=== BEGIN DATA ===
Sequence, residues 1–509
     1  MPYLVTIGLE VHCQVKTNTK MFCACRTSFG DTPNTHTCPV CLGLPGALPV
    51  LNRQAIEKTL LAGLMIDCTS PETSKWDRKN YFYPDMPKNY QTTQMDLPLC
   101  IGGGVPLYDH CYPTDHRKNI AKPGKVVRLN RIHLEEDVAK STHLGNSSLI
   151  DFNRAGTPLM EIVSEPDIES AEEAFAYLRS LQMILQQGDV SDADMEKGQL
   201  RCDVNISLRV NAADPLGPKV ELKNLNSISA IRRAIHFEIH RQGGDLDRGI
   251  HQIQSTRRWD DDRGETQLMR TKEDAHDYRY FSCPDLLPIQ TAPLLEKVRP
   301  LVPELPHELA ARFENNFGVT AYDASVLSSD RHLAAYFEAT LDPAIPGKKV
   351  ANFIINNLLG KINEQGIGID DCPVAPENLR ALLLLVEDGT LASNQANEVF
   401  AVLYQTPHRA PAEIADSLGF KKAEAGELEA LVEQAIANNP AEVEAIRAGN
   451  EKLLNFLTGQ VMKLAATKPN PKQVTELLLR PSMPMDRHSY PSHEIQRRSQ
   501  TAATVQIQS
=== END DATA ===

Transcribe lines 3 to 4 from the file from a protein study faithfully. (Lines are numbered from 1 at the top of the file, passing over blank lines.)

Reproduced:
    51  LNRQAIEKTL LAGLMIDCTS PETSKWDRKN YFYPDMPKNY QTTQMDLPLC
   101  IGGGVPLYDH CYPTDHRKNI AKPGKVVRLN RIHLEEDVAK STHLGNSSLI